As I say, this Japanese rock group is a specialty act.


Of all the new operas I've attended, Nixon in China is so curiously American in flavor that I wondered how well it would play on foreign shores. John Adams' opera involves contemporary political figures whose images have been emblazoned on the public's mind through television; it is also the first opera ever to be written about a living American president. At its Amsterdam premiere in June, Nixon in China received extremely favorable reviews from the European press (the Netherlands Opera was one of the five original co-producers). Therefore, I was fascinated to see how the opera would fare in the United Kingdom.

Although cramming the production into the tiny stagehouse of Edinburgh's Playhouse Theatre presented quite a challenge for HGO's technical crew, the opening and closing night performances of Nixon in China in Edinburgh had a noticeably different feel from the opera's world premiere in Texas. The Scots had no problems with Madame Mao's clearly articulated "We'll teach these motherfuckers how to dance," (a line which was deleted from the Houston premiere because the opera was being videotaped for delayed broadcast over the PBS network).
Because a great deal of Nixon in China was played downstage in Edinburgh, the production took on a much more intimate feeling in Scotland. Due to the curious dimensions of the theatre, director Peter Sellars was forced to move certain moments onto a stage apron (which was actually part of the orchestra lift), thus making parts of Adams' opera feel like a cross between agitprop theatre and a play by Bertolt Brecht. And, since Nixon in China is always performed with amplification (its creators have insisted on using microphones instead of Supertitles to enhance audience comprehension) on opening night in Edinburgh there were frequent problems with static from the sound system.

Nevertheless, the Scottish audience (which is usually quite staid) emitted several bravos as part of what was considered by locals to be a generous and warm reception. Conducting his opera for the first time in a theatre, composer John Adams coerced a much more violent, propulsive sound from the Scottish Chamber Orchestra than what I remembered from the opera's world premiere. In Edinburgh, one could clearly hear the donkey-like braying which accompanies some of Nixon's more fatuous statements and there was a greater sense of orchestral coloring throughout much of the performance.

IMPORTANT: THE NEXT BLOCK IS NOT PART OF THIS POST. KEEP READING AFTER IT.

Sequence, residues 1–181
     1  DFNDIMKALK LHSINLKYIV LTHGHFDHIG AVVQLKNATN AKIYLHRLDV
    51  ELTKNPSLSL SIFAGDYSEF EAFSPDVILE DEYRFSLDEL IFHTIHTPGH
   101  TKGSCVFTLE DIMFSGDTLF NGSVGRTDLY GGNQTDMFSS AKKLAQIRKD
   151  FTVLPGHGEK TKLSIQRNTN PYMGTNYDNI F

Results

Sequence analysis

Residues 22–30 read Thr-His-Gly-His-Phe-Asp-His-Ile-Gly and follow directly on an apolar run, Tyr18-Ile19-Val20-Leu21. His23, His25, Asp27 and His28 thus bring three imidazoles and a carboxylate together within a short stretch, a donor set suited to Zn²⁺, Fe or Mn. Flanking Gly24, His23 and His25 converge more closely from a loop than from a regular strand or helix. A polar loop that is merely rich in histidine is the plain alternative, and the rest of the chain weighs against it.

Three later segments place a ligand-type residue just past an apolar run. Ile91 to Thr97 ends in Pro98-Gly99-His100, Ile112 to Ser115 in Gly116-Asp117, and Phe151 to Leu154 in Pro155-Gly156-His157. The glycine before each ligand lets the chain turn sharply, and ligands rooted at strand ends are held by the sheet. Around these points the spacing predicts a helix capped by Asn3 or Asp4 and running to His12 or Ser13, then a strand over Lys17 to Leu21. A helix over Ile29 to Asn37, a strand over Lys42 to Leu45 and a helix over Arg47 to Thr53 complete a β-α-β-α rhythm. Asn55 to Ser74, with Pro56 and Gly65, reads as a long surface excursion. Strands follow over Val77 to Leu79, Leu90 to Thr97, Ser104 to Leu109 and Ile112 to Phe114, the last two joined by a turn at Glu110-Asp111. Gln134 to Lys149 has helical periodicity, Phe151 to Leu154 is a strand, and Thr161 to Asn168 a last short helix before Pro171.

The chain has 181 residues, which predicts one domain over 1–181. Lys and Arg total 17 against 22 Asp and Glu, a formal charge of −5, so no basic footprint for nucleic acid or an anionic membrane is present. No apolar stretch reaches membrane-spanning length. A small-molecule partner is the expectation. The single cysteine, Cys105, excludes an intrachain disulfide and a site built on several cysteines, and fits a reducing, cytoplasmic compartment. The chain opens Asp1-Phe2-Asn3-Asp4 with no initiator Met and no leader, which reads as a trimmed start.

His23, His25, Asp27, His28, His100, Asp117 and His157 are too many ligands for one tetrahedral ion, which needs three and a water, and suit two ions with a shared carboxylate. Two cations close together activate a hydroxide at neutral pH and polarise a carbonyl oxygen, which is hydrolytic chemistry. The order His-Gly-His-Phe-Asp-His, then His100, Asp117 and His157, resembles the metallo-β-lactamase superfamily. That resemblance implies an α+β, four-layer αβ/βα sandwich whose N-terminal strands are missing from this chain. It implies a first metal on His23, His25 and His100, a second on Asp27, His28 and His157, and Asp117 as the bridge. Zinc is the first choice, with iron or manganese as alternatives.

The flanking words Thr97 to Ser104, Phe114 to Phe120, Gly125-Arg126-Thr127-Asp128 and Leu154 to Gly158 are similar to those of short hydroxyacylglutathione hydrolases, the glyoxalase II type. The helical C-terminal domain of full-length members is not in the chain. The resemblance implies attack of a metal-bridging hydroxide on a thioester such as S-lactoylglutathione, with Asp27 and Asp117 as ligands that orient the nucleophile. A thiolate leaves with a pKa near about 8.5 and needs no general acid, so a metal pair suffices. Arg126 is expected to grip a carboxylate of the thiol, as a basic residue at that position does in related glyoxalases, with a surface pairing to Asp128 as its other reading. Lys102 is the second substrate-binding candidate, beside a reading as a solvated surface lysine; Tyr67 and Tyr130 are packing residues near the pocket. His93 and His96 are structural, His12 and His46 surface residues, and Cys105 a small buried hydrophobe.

With the exception of the lead dancer in Mark Morris's choreographed version of The Red Detachment of Women, the Nixon in China principals were the same as in previous performances. Thomas Hammons' grotesquely comedic portrayal of Henry Kissinger and Trudy Ellen Craney's obsessively narcissistic Madame Mao offered strong theatrical cameos while John Duykers' Mao-Tse-Tung and Sanford Sylvan's Chou-en-Lai continued to mature in their poetic and vocal strength. With his tongue constantly darting in and out of his mouth like that of a paranoid lizard, baritone James Maddalena's portrayal of Richard Nixon seems to have gained greater focus and dramatic impact. Soprano Carolann Page's impersonation of Pat Nixon continues to elicit sympathy from audiences.

My overall reaction to the Edinburgh experience was that these performances of Nixon in China offered a strong validation for John Adams' work as a composer, for the practice of co-commissioning and co-producing new operas, and for the lofty artistic standards to which Houston Grand Opera so nobly aspires and, even more amazingly, achieves. The only problem is that I still don't have particularly warm feelings for Richard Nixon.

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This "Tales of Tessi Tura" column originally appeared in the Bay Area Reporter on October 13, 1988.